$20,000 just a drop in the ocean
In May, two bottles of whisky sold via a British online auction site for £12,050 ($20,800). The labels were missing and the contents were described as unfit for human consumption, but the reason for their value was that these were from the SS Politician, a ship wrecked off the Scottish island of Eriskay in 1941.
This real-life event was the inspiration for the 1947 Compton Mackenzie novel Whisky Galore, filmed in 1949 as Whisky Galore! In 1987, eight bottles were retrieved from the wreck and sold for a total of £4000. In 2010, another Whisky Galore bottle sold for £4200.
This is an indication that old and rare whisky, even bottles that can't be drunk, is now regarded as an investment. Well, some of it. The Times estimates that if you had invested in the top 100 performing whiskies in 2008 you would now be sitting on a profit of 306 per cent, "far better than the returns from any major stock market".
Which explains why the secondary market for rare whisky in Britain is rapidly expanding. According to The Times, just over 2000 bottles were sold at auction in 2008. This rose to more than 14,000 bottles in 2012, with no sign of slowing.
This niche market began to take off in 2008 when Bonhams UK introduced specific whisky auctions at, naturally enough, their Edinburgh salerooms. Apart from exceptional rarities such as the 62-year-old bottle of Dalmore that sold for £32,000 in 2005, a typical standout result back then was £1860 for a bottle of Highland Park single malt, considered one of the most desirable brands. That bottle should now be worth three times that, if not more.
The Times quoted Andy Simpson's Whisky Highland company, which tracks results of all whisky sales at British auctions. In the past five years the top 1000 bottles have returned an average of 136.5 per cent, with the top 10 returning 541.7 per cent. A warning: the bottom 10 went down by 71 per cent.
There is also a growing appreciation for fine whisky in Australia, though relatively few bottles appear at auction, at least not enough for any whisky-specific sales. Australian connoisseurs, such as Craig Daniels of the Adelaide-based Malt Whisky Society of Australia, prefer to drink their whisky rather than watch it appreciate.
"Serious malt-whisky fans rank distilleries in a sort of Top of the Pops," Daniels told this column in 2009. "You might get some argument about the order but most people would include Ardbeg, Bowmore, Laphroaig, Lagavulin from Islay, Glenfarclas, Macallan and Glenlivet from Speyside, Springbank from Campbeltown and Highland Park and Talisker from the islands."
All these brands are, or were, available in Australia, though unlikely to be found in your local bottle shop. You'll need to search the few speciality liquor outlets that stock imported whiskies.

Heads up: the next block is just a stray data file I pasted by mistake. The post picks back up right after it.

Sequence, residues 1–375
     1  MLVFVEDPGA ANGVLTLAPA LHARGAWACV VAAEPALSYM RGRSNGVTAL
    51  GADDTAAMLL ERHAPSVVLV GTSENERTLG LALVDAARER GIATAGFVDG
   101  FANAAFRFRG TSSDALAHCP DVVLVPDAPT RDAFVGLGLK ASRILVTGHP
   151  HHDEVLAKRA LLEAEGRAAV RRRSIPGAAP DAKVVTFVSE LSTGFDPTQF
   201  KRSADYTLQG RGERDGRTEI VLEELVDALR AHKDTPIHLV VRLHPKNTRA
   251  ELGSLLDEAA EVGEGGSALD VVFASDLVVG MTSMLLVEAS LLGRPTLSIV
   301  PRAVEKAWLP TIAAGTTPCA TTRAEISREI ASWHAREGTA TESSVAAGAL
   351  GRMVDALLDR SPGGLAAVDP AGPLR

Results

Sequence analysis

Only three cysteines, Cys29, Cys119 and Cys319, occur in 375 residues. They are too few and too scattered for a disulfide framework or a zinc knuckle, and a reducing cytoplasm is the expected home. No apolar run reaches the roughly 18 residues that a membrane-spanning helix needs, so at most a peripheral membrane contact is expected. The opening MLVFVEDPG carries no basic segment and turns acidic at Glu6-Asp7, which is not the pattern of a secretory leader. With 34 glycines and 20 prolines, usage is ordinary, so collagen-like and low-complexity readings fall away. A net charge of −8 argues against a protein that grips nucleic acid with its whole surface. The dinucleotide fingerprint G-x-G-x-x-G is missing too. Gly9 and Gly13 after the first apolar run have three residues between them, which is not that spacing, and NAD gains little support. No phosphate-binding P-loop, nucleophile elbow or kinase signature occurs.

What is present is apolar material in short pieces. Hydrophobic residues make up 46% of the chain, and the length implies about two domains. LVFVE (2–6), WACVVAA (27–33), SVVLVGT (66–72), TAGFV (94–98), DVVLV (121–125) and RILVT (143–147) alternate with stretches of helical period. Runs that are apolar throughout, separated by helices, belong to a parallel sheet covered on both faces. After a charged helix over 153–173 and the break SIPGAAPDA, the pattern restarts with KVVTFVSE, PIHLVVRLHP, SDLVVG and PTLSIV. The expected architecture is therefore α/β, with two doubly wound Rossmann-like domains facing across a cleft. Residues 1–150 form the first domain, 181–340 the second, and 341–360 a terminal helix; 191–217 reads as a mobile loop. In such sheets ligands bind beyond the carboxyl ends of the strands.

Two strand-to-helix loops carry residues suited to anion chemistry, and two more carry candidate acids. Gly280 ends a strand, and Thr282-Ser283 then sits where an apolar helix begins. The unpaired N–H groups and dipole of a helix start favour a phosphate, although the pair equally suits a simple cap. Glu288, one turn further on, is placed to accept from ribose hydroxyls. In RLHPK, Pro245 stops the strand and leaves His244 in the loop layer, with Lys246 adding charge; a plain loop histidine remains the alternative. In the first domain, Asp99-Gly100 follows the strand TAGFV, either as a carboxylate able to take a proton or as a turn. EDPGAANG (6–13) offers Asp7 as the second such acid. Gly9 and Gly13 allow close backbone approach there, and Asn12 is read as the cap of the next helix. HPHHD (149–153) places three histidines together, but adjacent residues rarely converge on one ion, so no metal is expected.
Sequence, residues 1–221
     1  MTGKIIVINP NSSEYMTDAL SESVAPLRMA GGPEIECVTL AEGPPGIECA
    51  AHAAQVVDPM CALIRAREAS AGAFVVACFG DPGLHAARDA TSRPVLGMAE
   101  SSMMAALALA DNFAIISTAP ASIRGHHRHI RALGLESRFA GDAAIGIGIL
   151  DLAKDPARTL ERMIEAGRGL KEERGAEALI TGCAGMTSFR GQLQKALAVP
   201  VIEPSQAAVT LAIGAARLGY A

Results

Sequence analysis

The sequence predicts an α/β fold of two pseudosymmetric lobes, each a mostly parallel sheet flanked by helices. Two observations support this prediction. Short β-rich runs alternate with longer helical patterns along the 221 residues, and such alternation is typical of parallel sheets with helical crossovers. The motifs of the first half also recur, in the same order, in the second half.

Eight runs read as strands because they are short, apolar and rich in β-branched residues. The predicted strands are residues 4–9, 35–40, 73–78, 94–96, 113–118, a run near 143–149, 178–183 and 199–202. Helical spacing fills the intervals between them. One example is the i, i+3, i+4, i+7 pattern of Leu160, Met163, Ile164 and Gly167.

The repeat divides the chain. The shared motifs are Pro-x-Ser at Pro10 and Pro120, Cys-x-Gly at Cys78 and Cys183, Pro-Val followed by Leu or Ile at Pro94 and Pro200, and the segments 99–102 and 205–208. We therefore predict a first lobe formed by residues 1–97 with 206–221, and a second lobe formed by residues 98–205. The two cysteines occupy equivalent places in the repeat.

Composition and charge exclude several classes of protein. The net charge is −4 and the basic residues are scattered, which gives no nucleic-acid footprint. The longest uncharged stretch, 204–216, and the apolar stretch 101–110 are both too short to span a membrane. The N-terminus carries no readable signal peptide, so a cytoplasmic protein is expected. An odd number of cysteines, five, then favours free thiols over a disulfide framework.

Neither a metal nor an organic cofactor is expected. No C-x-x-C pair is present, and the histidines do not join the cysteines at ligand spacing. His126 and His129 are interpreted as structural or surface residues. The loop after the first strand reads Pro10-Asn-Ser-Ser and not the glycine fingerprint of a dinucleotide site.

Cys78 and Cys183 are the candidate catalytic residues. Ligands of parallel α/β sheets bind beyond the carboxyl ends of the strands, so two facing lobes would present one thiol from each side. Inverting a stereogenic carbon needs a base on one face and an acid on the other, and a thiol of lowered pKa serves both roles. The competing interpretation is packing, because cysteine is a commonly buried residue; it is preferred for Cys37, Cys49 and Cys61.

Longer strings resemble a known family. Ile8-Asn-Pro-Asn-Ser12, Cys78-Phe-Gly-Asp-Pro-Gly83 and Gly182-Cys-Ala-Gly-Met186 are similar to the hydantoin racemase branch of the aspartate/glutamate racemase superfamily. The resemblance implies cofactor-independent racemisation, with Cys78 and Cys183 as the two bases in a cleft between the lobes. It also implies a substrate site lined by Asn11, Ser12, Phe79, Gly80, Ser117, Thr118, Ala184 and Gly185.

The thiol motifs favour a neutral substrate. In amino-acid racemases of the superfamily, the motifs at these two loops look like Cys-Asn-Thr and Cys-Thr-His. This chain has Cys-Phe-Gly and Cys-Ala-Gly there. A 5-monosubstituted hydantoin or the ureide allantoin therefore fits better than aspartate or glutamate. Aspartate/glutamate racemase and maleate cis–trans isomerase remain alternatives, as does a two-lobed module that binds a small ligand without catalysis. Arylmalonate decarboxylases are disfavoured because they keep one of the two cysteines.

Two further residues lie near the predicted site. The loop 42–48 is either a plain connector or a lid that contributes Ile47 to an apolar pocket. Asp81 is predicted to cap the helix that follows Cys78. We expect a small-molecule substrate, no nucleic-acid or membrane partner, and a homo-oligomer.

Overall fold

The experts agree that for investment purposes the rule is to stick to single cask malts, which are globally recognised as the best. And think outside the traditional box.
Scotland no longer has the monopoly on fine whisky. Some bottles from the (now-closed) Karuizawa distillery in Japan retail for more than £10,000 in Britain.
There are also distilleries of note in Australia, including David Baker's Bakery Hill Distillery in North Balwyn.
Critics have given Baker's whisky the thumbs up.
The highest end of the market has performed best over the past five years. The four distilleries given the ultimate platinum rating in Britain are Balvenie, Dalmore, Macallan and Port Ellen.
These have performed best at auction with an average return of 57.2 per cent.
The best individual return is registered by Brora, a Highlands distillery that has closed.
For those who want to invest rather than drink, whisky is less temperamental than fine wine but still needs to be kept away from direct light and heat. Bottles should be kept upright to prevent cork deterioration.
Unfortunately, for investment purposes the golden rule is that bottles can't be opened, not even for a wee dram.
Now is an especially good time to start investing in fine whisky, says Melbourne expert Gregory Forrester, from cheaperthandan.com. The value in the bottles listed below is in holding on to them until they are hard to get, which means not opening the bottle for a few years at least. This could be the ultimate challenge.
The whiskies listed are moderately priced with long-term investment potential, and Forrester says some have already increased in value in the last few years.
Most are available in bottle shops that specialise in imported whiskies, so one of these could be perfect for Father's Day:
William Larue Weller 2010 Limited Edition (Kentucky Whiskey): price in 2011, $260; estimated value in 2013, $300.
Thomas Handy Sazerac 2010 Limited Edition (Kentucky Whiskey): 2011 price, $200; 2013 price, $300.
The Famous Grouse 18-year-old: 2011 price, $90; 2013 price, $120.
Glenfiddich Malt Master Limited Edition: 2013 price, $90; new release.
Glenfiddich 15-year-old Distiller Edition: 2013 price, $130; new release.
Glenfiddich 125th year Anniversary Edition (with certificate of authenticity): 2013 price, $200; new release.
Connemara Cask Strength 2008 Double Gold (Irish Whiskey): 2011 price, $100; 2013 price, $130.
Kilchoman 100% Inaugural Islay 2008: 2011 price, $140; 2013 price, $180.
Bunnahabhain XXV Islay Boxed Edition: 2011 price, $400; 2013 price, $600.
Old Pulteney 21-year-old Whisky Of The Year 2012: 2012 price, $150; 2013 price, $200.
Glendronach 21-year-old Vint Release: 2011 price, $180; 2013 price, $250.
Bruichladdich Laddie Classic Edition 01: 2013 price, $90; new release.
Adelphi Selection Caol Ila 11-year-old: 2011 price, $150; 2013 price, $250.